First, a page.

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Authors: Kevin Barry

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BOOK: Dark Lies the Island
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‘We’ve had some cracking weather,’ said Tom N.

‘Llandudno is quite nice, really,’ said Mo.

Around his scratch marks an angry bruising had seeped. We all looked at him with tremendous fondness.

‘’Tis nice,’ said Everett Bell. ‘If you don’t run into a she-wolf.’

‘If you haven’t gone ten rounds with Edward bloody Scissorhands,’ said John Mosely.

We came along the shabby grandeurs of the city. The look on Mo’s face then couldn’t be read as anything but happiness.

,’ teased Big John, ‘is thinking of the rather interesting day he’s had.’

Mo shook his head.

‘Thinking of days I had years back,’ he said.

It has this effect, Liverpool. You’re not back in the place five minutes and you go sentimental as a famine ship. We piled off at Lime Street. There we go: six big blokes in the evening sun.

‘There’s the Lion Tavern?’ suggested Tom N.

‘There’s always the Lion,’ I agreed.

‘They’ve a couple of Manx ales guesting at Rigby’s,’ said Everett Bell.

‘Let’s hope they’re an improvement on previous Manx efforts,’ said Billy Stroud.

‘There’s the Grapes?’ tried Big John.

‘There’s always the Grapes,’ I agreed.

And alewards we went about the familiar streets. The town was in carnival: Tropic of Lancashire in a July swelter. It would not last. There was rain due in off the Irish Sea, and not for the first time.


their sixties made ground through north County Sligo in a neat Japanese car. The sky above Lough Gill was deep blue and the world was fat on the blood of summer. The speed limit was carefully abided and all the turns were slowed for. There was the carnival air of a fine Saturday in June. A vintage car show had drawn a crowd in 1920s boaters and blazers to Kilmore; the old Fords and Triumphs honked cheerfully in the sun, and the ladies as they passed by smiled and waved. There was a lengthy queue for the ferry ride to the lake isle of Inishfree, there were castles to be visited, and way-marked walks to be hotly trailed. All the shaded tables outside the village pubs were full and tinkled with glasses and laughter, and children played unguarded in the cool of the woods.

‘When it gets a good old lick of weather at all,’ Ernestine said, ‘this is one powerful country.’

‘No place to compare,’ Kit sighed, and the summer growth swished heavily against the Toyota’s side windows on a tight bend after Tully.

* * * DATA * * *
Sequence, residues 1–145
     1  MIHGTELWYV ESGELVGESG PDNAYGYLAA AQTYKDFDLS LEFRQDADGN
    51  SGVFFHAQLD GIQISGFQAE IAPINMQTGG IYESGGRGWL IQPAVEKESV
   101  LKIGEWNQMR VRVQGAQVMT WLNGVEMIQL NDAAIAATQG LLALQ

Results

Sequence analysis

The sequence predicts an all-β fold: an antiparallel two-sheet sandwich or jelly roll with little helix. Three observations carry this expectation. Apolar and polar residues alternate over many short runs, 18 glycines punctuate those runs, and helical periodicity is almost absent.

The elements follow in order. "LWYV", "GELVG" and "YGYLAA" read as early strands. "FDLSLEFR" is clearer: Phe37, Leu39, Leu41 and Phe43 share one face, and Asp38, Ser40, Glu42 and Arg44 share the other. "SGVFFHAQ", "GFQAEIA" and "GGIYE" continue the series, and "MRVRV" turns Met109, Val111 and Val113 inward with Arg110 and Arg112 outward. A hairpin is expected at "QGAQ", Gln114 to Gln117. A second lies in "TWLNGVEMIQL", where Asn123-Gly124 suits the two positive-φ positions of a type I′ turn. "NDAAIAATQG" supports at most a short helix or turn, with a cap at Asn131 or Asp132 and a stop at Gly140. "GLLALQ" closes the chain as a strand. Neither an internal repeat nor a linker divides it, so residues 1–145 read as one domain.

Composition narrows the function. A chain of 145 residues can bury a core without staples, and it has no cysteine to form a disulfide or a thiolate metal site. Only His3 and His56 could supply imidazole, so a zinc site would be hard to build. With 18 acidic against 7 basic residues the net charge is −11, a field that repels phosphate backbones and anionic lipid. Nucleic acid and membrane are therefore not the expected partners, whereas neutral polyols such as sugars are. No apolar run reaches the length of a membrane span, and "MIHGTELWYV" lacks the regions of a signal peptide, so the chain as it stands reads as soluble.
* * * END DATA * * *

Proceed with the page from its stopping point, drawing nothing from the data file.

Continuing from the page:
Ernestine was big, with the high colour of a carnivore, and her haunches strained a little against the capacity of her cream linen trousers in the confined space of the driver’s seat. Her mottled, fleshy arms were held tensely erect as
steered – she had learned to drive later in life. Kit, slightly the younger, was long-necked, tightly permed, and thin as a cable. She had a darting glance that scanned the country they passed through and by habit she drew her companion’s attention to places and people of interest.

‘Would they be hair extensions?’ she wondered, as they passed a young blonde pushing a pram along the roadside verge.

‘You can bet on it,’ Ernestine said. ‘The way they’re streaked with that silvery-looking, kind of …’

‘Cheap-looking,’ Kit said.



‘A young mother,’ Ernestine said.

‘Got up like a tuppenny whore,’ Kit said.

‘The skirt’s barely down past her modesty, are you watching?’

‘I am watching. And that horrible,
stonewash denim!’

‘Where would the whore be headed for, Kit?’

Kit consulted the road map.

‘Leckaun is the next place along,’ she said. ‘Only a stretch up the road from here. Her ladyship is headed into a pub, no doubt.’

‘Drinking cider with fellas with earrings and tattoos,’ Ernestine said. ‘In by a pool table. In a dank old back room. Dank!’

‘You can only imagine,’ said Kit, and she made the sign of the cross. ‘A jukebox and beer barrels and cocaine in the toilets. The misfortunate infant left to its own devices.’

‘Would we nearly stall for a while in Leckaun, Kit?’

Kit pondered this a moment.

‘No,’ she decided, ‘we’ll hit on for the castle. There’ll be a nice crowd there for sure.’

Onwards through the county the Toyota mildly sped, and the ladies had the windows buzzed down a little for breeze: it brought the medieval scent of the old-growth woods. They had been on the road since early morning but there was no tiredness yet – the excitement of the outing countered that.

‘A Cornetto would go down a treat,’ Ernestine said.

‘Ice-cream weather most certainly,’ Kit replied.

They turned to smile at each other. They hoped to have the need to buy ice creams soon enough, and more than two.

Castles were good. The car park was almost entirely full. Ernestine manoeuvred – after a couple of chubby attempts that brought sweat to her forehead – into the last available space. As the engine cut the car filled with the sound of anxious birds and the nearby chatter of the castle visitors. For a moment, the ladies pleasantly listened – they did love a summer-afternoon crowd. The lake waters the castle kept guard of sat as heavily as the blue sky above; each was a suspension of the other.

‘Or would we chance a scone, Kit?’

‘It would hardly put us in the ground, Ernestine.’

The coffee shop, housed in a sensitive glass extension to the castle, was beautifully busy. Bored dads and tired mams lolled there over gazpacho soup and expensive sandwiches – there was organic cola and baked treats for the kiddies. Ernestine and Kit took their places in the thick of it all. Often, in the quiet winter months, back in the bungalow, in the midlands, they spoke of how it was they were perceived in the world. What were they taken for, they
, out there amid the light and gatherings of summer? Maiden aunts, they supposed, or a pair of nuns who had left – after some shabby soul-wrenching – their order, or maybe as discreet lesbians just a little too aged for openness. What was certain was they would be taken for gentle, kind souls with their aunt-like smiles to seal the contrivance.

They nibbled hungrily as mice at the buttered fruit scones. The tea was left to brew until it was strong as ale. It was poured with satisfaction. They watched carefully the crowd at the cafeteria. They spoke icily of the little darlings who everywhere wobbled between the legs of tables and stumbled over shoulder bags left thoughtlessly on the floor – people just didn’t think as to what might trip a child. The scones were about done with when Kit gobbled nervously along the length of her slender neck, and she reached a hand for Ernestine’s.


Kit nodded sharply. It was a single hard gesture aimed at a little girl, almost albino-pale. She wore sky-blue shorts of a thin fleece material, silver-buckled sandals patterned with daisies, and a striped, armless French top.

‘Oh, an angel, Kit!’


‘Oh, perfection.’